As National Poetry Month begins, we’re delighted to feature thoughts on poetry today from our Poetry Editor Clive Collins today, and on Wednesday from our poetry reader Meg Freer. Each answered eight questions.
by Clive Collins
What makes a poem a poem? (as opposed to flash prose?)
It’s difficult to set out what makes a poem full stop, never mind as opposed to flash prose. There is no recipe that I know of for writing poetry, though we may now be living at the beginning of the age of AI chatbot verse. What tells me that I’m reading poetry is the density of the language. As Ezra Pound puts it, “Literature is language charged with meaning.” What I hope for in something professing to be poetry is some sort of discernable rhythm or beat or metre, together with some sort of rhyme scheme, some sort of logic to line length, some sort of narrative movement, and a subject that engages me as a reader in some way.
What makes a rhyming poem work?
What makes any poem work? I hope for rhymes that will provoke a response: approval, surprise, admiration, humour. I do think anyone who wants to create poetry needs to achieve a command of rhyme of all types. One of my favourite (fairly) contemporary poems that employs rhyme proper as end rhymes is “Sonnet for the Class of ‘58”. I also love to hear the rhymes, of all sorts, in the lyrics of Cole Porter, Ira Gershwin, Lorenz Hart, or Billy Strayhorn.
For emerging poets, what books are good to turn to?
Some of these are no longer in print but well worth searching for:
Metre, Rhyme and Free Verse by G. Fraser (in the series The Critical Idiom)
Understanding Poetry by James Reeves (Heinemann)
Forms of Verse – Sara deFord & Clarissa Harriss Lott (Appleton-Century-Crofts)
52 Ways of Looking at a Poem – Ruth Padel (Vintage)
Singing School – Learning to Write (and Read) Poetry by Studying with the Masters – Robert Pinsky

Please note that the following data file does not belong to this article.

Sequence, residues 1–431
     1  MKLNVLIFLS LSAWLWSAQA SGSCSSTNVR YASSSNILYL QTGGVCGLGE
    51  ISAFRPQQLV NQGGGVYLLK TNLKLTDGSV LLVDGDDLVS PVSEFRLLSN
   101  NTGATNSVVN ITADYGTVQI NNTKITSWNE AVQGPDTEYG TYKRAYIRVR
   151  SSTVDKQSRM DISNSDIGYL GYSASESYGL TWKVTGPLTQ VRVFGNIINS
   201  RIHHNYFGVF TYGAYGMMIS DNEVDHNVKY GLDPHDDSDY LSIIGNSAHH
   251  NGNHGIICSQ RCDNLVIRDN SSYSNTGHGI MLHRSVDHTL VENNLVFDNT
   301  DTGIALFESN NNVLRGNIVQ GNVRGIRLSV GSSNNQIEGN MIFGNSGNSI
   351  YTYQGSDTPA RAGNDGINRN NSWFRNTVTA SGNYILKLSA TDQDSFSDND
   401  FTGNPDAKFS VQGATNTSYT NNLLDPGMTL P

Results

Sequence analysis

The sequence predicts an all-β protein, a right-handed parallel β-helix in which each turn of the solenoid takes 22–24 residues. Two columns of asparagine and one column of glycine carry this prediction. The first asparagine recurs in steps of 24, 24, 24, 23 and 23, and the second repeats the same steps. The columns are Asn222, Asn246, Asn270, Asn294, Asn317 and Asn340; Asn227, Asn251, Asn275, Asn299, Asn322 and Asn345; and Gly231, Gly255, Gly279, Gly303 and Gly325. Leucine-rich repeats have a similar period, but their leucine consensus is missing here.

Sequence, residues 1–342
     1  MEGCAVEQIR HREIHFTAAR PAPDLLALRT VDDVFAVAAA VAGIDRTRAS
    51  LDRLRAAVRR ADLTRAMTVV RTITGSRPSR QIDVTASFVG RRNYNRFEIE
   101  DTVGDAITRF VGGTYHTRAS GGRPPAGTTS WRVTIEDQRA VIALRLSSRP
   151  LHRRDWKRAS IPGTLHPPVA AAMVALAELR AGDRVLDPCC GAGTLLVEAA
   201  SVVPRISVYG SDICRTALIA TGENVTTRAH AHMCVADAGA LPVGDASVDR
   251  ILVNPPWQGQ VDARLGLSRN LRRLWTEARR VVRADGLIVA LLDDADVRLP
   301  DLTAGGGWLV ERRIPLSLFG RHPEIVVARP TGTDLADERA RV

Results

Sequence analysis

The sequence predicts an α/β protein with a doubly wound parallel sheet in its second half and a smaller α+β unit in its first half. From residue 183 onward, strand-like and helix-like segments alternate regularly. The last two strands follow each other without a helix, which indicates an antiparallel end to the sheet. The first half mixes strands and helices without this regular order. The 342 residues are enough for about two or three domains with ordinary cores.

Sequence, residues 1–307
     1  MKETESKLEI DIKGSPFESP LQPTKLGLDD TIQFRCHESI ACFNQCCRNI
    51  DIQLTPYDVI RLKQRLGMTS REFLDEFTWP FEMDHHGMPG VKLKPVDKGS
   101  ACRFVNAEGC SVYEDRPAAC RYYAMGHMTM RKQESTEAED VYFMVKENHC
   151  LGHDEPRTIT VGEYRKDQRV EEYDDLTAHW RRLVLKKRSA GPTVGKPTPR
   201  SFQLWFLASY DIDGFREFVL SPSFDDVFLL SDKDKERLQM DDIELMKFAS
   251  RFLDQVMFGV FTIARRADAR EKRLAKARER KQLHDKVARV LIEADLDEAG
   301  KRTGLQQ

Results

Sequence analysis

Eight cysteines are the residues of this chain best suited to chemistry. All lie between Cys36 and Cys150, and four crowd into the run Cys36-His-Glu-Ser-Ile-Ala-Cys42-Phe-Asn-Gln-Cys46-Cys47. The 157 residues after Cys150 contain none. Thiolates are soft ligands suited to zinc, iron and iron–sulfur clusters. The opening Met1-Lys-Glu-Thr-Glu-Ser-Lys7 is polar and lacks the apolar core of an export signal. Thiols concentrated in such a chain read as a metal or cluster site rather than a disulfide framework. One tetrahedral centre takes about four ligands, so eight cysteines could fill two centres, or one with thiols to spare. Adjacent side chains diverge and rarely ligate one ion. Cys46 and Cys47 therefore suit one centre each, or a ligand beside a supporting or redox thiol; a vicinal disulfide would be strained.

The Sounds of Poetry – Robert Pinsky
Do you have favorite poems you like to reread?
There are too many to list in full here but these I particularly love: “To Daffodils” by Robert Herrick; “On the Morning of Christ’s Nativity” by John Milton; “The Solitary Reaper” by William Wordsworth; “To Autumn” by John Keats; “The Vagabond” by Robert Louis Stevenson; “The Song of Wandering Aengus” by W. B. Yeats; “Loveliest of Trees” by A.E. Houseman; “Gloire de Dijon” by D. H. Lawrence; “The Pool” by H.D.; “Still Falls the Rain” by Edith Sitwell; “Sunday Morning” by Wallace Stevens; “Skunk Hour” by Robert Lowell; “Not Waving But Drowning” by Stevie Smith; “At Lunchtime: A Story of Love” by Roger McGough; “Dear Mr Lee” by U.A. Fanthorpe.
What are the most common mistakes poets make?
Thinking you have a poem when you don’t. I think anyone who aspires to writing verse would do well to consider these words of the British poet Philip Larkin:
“You can’t write a poem out of emotion only. If that’s all you’ve got then, you know, you’d be better off drinking or ringing somebody up about it. There’s got to be a second more important element. I once said, you know, every poem has a fork side which is a kind of lump of experience that you’re holding down, and then a knife side which is the side that’s cutting it up and rendering it manageable.”
How does a poet tackle revision?
That’s very difficult to answer. To begin I would suggest the individual ask themself whether the poem is really necessary. After that, I would suggest putting the piece away for some time. Looking at something after six months or so is a good discipline. The ability to cut is important and cutting is easier to do after the initial energy and enthusiasm that produced the piece in question has dissipated. I would add that dissatisfaction is a wonderful editorial aid.
How does one know a poem is done?
I doubt that a piece of creative writing is ever ‘done.’ Most writers I’ve known have been tinkerers, re-writers, re-drafters. I think that to be a writer is to be an editor — a very picky, eternally dissatisfied editor — as well. Each time I received the first print copy of one of my own books I put off opening the thing because I knew I would read the first page of the text and blush immediately aware I could have done better.
How do poets find mentors to work with them through the process?
This too is difficult to answer. Enroll in a creative writing degree course of some kind, or join a local creative writing class or circle perhaps. In the United Kingdom, an organization called the Arvon Foundation offers various kinds of creative writing classes including one-to-one online masterclasses in poetry that take place online via Zoom. Here is the full link: https://www.arvon.org/about/arvon-home-of-creative-writing/
Image: “Vintage Typewriter” by Memphis CVB via Flickr